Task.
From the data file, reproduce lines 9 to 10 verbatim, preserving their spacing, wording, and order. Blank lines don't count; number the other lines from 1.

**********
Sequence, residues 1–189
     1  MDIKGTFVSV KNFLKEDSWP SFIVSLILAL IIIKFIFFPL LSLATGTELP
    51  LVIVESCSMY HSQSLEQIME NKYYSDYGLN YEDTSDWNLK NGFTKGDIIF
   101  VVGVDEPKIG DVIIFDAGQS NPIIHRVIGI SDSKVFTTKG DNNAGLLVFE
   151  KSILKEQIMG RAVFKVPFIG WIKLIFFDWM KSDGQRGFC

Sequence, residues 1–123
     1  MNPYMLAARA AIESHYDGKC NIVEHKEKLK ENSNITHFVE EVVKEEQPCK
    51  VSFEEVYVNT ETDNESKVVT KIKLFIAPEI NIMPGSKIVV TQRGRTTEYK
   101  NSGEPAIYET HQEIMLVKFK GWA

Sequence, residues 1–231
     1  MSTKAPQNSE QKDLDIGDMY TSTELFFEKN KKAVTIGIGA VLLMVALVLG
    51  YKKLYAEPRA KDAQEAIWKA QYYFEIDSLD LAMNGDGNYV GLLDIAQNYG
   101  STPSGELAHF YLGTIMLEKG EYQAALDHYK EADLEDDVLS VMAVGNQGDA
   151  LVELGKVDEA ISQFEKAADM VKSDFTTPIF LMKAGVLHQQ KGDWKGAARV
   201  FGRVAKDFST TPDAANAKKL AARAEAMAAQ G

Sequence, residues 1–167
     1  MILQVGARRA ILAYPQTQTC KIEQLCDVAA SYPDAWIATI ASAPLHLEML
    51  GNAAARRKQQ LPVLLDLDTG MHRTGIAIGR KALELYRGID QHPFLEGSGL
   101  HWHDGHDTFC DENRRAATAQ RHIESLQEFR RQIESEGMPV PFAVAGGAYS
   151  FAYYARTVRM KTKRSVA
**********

   101  NSGEPAIYET HQEIMLVKFK GWA

Sequence, residues 1–231